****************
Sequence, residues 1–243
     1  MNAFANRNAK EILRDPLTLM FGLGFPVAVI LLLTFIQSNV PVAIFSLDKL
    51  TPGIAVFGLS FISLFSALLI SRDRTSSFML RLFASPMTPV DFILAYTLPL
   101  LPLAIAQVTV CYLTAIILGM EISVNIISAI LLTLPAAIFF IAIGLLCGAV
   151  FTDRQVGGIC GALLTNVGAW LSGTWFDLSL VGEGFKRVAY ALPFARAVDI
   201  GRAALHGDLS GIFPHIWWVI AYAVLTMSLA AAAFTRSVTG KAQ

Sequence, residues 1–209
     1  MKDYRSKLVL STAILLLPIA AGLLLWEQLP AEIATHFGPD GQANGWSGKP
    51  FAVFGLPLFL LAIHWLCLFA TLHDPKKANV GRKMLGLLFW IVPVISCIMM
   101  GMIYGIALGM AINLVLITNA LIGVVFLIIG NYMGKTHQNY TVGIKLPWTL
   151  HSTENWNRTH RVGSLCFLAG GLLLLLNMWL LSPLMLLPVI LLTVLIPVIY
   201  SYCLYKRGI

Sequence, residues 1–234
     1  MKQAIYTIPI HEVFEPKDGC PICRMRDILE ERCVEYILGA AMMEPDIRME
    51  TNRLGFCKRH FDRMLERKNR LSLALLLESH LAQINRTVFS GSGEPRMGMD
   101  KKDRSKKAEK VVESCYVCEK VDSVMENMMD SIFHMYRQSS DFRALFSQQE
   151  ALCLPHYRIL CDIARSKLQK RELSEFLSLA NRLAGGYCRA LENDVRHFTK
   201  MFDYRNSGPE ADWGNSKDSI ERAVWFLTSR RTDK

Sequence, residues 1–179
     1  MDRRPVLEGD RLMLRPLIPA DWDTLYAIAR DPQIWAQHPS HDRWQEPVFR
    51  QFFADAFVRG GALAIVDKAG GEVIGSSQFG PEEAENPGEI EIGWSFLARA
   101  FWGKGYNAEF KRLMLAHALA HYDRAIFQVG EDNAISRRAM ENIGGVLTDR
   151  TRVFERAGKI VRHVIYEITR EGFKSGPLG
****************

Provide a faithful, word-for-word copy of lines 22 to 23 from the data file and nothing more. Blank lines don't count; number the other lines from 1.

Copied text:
   101  FWGKGYNAEF KRLMLAHALA HYDRAIFQVG EDNAISRRAM ENIGGVLTDR
   151  TRVFERAGKI VRHVIYEITR EGFKSGPLG